In the previous post, there was mention of three pillars brokered by Brazil, China, India, South Africa, and the United States. The plan for immediate action focused upon mitigation, transparency and finance. This post focuses upon 2 specific mitigation strategies: 1) greater acceptance of photo voltaic power and 2) weatherization or weather proofing.
A program in Portland Oregon, Clean Energy Works, “uses $2.5 million in Energy Efficiency and Conservation Block Grant funds the city received through the American Recovery and Reinvestment Act as seed money to start a revolving loan fund that will enable Portland homeowners to improve the energy efficiency of their homes at no up-front cost. The energy improvements… include insulation, air sealing, duct sealing, and improvements to space heating and water heating systems.”
A search of previous AG posts indicate convergence on 2 of the topics (tags) from the previous post: transparency (monitoring) and finance. A first thought was what is missing is mitigation, i.e., keeping the average global temperature beneath 1.5 degrees C and reduction of CO2 in the atmosphere to 350 ppm or less.
But, what if it is a formula? What if you implement monitoring of key indicators, e.g., temperature, C02, sea level, etc.; and, you provide financing for clean energy and “negawatts“? Will this result in mitigation?
Further pondering upon a “winning” formula, suggests that what could be a measure of success is mitigation / investment. And, perhaps, total investment equates to the cost of mitigation plus the cost of monitoring. Simple stuff, eh?
The premise, repeated often by this blog is that supplanting the combustion of fossil fuel for power with a switch to renewable energy and energy efficiency would slow the rise of carbon dioxide in the atmosphere. Specifically, the switch to clean energy would mean widespread usage of low cost photo voltaic energy.
Interestingly, there was convergence on one, sole entry, Energy Trends, Rules and Futures, and the entry had a solitary comment, an observation by Travis Bradford of the Prometheus Institute reported by Renewable Energy Access in 2007:”To say that Chinese PV producers plan to expand production rapidly in the year ahead would be an understatement. They have raised billions from international IPOs to build capacity and increase scale with the goal of driving down costs.”
“GTM Research… analyzed the scope and financing of power projects by major developers such as Sempra Generation and Renewable Ventures. It also examined policies and demand of big solar states, and detailed the impact of the American Recovery and Reinvestment Act of 2009.”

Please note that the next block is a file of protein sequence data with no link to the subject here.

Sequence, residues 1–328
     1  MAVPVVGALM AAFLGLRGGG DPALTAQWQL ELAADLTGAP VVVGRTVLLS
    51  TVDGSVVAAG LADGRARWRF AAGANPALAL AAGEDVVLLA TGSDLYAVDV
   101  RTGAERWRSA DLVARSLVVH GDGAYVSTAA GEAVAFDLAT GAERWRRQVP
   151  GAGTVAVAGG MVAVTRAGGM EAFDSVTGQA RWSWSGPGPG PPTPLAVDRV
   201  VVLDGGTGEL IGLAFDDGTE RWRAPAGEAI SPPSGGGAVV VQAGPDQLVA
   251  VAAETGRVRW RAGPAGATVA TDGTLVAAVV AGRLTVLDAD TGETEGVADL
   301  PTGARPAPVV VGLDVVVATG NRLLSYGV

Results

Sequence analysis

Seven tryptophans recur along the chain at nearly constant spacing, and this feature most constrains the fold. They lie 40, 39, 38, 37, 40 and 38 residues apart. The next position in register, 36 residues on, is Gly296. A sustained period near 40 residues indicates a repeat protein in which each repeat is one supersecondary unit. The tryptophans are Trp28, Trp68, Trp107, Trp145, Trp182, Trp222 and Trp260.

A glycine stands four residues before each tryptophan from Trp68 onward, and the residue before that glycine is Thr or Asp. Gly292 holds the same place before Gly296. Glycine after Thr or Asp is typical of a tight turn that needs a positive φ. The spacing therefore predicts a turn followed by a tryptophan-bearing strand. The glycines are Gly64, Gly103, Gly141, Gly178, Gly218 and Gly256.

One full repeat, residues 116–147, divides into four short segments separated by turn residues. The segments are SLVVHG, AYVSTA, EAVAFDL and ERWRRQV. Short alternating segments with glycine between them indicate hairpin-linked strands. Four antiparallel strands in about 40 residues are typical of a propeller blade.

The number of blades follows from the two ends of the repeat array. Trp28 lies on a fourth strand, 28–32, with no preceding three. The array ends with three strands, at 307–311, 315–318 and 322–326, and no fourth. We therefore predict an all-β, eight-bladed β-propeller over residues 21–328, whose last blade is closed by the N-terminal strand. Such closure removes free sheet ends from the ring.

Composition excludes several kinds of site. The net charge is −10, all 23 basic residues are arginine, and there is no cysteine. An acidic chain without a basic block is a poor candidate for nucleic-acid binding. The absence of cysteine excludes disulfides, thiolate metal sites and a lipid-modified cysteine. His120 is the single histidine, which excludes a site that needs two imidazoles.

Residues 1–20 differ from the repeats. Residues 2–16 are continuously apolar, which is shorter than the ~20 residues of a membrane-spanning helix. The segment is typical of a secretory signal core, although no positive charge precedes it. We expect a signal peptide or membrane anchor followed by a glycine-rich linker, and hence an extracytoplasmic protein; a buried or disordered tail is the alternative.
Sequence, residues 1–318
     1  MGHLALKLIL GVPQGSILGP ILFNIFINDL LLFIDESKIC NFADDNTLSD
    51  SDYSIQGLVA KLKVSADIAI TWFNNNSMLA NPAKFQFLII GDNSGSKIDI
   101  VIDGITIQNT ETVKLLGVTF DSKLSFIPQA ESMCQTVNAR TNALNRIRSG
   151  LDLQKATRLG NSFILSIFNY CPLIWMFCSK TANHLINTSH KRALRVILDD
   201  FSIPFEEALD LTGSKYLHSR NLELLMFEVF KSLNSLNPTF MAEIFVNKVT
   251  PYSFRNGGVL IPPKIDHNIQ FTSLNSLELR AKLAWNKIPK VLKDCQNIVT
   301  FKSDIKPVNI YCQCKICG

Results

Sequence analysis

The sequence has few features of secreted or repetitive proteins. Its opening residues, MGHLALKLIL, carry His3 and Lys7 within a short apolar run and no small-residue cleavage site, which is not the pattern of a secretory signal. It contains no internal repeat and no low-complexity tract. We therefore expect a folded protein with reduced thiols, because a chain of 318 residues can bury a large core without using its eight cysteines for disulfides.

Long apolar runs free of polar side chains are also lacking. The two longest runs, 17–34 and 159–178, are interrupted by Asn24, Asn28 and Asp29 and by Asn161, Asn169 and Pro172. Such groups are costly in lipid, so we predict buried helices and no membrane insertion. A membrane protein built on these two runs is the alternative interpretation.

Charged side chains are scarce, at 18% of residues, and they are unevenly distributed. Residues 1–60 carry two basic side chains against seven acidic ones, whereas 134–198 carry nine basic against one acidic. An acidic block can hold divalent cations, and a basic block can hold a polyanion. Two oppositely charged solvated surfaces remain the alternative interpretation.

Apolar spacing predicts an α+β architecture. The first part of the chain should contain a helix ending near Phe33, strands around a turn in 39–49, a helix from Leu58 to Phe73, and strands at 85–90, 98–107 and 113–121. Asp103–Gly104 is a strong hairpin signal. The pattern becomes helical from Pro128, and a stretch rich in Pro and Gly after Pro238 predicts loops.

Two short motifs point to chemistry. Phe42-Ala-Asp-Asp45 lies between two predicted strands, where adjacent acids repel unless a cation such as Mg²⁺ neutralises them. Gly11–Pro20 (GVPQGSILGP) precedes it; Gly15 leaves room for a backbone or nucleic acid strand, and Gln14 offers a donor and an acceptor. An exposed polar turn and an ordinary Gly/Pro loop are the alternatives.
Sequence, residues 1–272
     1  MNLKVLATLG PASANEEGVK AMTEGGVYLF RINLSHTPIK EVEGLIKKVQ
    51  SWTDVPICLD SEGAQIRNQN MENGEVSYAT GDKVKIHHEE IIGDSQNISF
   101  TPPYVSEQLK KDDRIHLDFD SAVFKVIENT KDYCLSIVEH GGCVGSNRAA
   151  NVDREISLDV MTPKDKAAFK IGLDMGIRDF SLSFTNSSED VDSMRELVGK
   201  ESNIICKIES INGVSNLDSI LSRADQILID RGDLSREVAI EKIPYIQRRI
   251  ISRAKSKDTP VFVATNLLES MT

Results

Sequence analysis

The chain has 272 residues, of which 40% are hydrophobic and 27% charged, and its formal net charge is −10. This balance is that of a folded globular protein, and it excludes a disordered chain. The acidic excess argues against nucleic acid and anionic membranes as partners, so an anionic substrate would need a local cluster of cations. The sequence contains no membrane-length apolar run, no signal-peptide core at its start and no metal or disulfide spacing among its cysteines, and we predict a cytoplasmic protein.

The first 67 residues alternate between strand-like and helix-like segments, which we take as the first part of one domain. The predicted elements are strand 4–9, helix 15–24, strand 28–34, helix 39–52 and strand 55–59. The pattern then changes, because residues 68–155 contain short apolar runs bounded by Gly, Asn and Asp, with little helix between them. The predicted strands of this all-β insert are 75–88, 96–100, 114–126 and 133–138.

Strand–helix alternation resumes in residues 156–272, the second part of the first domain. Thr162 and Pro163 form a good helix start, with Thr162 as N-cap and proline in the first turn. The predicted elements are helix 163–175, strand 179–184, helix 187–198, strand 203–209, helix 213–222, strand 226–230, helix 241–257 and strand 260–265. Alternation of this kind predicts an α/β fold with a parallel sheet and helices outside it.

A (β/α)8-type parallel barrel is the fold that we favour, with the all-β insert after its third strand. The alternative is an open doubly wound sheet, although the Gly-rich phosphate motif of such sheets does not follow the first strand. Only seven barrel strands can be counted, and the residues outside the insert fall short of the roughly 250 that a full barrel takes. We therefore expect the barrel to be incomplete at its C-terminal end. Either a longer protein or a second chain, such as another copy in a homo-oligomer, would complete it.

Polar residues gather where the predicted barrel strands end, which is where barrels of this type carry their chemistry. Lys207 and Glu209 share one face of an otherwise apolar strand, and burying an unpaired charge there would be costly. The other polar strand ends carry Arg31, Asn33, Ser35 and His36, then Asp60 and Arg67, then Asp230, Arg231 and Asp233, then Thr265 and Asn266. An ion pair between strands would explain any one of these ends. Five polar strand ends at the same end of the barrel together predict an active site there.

Solar energy installations in the United States are poised to grow about 50 percent annually in the next three years as the country closes in on Germany, the largest solar market in the world.
The U.S. is likely to install 400 megawatts of new solar projects in 2009, and see the growth reach 1.5 gigawatts to 2 gigawatts of new installations in 2012.
The strong demand represents over $6.1 billion in investments per year and the creation of 50,000 jobs, GTM Research said.
The report, The United States PV Market Through 2013: Project Economics, Policy, Demand and Strategy, analyzed the scope and financing of power projects by major developers such as Sempra Generation and Renewable Ventures. It also examined policies and demand of big solar states, and detailed the impact of the ARRA (American Recovery and Reinvestment Act of 2009).
Like other hot solar markets in the world, government incentives are a big reason for fueling growth in the next few years. Last October, Congress extended a 30 percent investment tax credit for solar installations for eight years. The legislation gets rid of a $2,000 cap for residential installations and allows the utilities to take advantage of the tax credit.
Another booster shot is coming from the ARRA, which has created a host of grants, tax credits and loan guarantees for manufacturing solar energy equipment and installing it.
These federal subsidies, coupled with states’ own incentives and mandates for renewable energy installations and consumption, will propel growth for residential and utility-scale projects, the report said. Projects developed to service utility customers will likely grow the fastest, from installing nearly 91 megawatts in 2009 to adding 466 megawatts in 2012, under a conservative estimate.
Solar is fiercely resisted by Big Oil and King Coal. Could a concerted attack upon the introduction of low-cost photo voltaic systems from China throw cold water on Chinese bankers? We already have seen flag-waving used as a strategy by some of our ear-tagged Congress critters against cheap, clean energy systems from China. Or, are cheap, clean energy systems and their encouragement a timely idea that no amount of swift boating can stop?
AG Related Posts
- End Use — Least Cost — Most Sustainable
- Who Needs Wind and Solar When We just can continue Importing Oil?
- A Solar Bill of Rights
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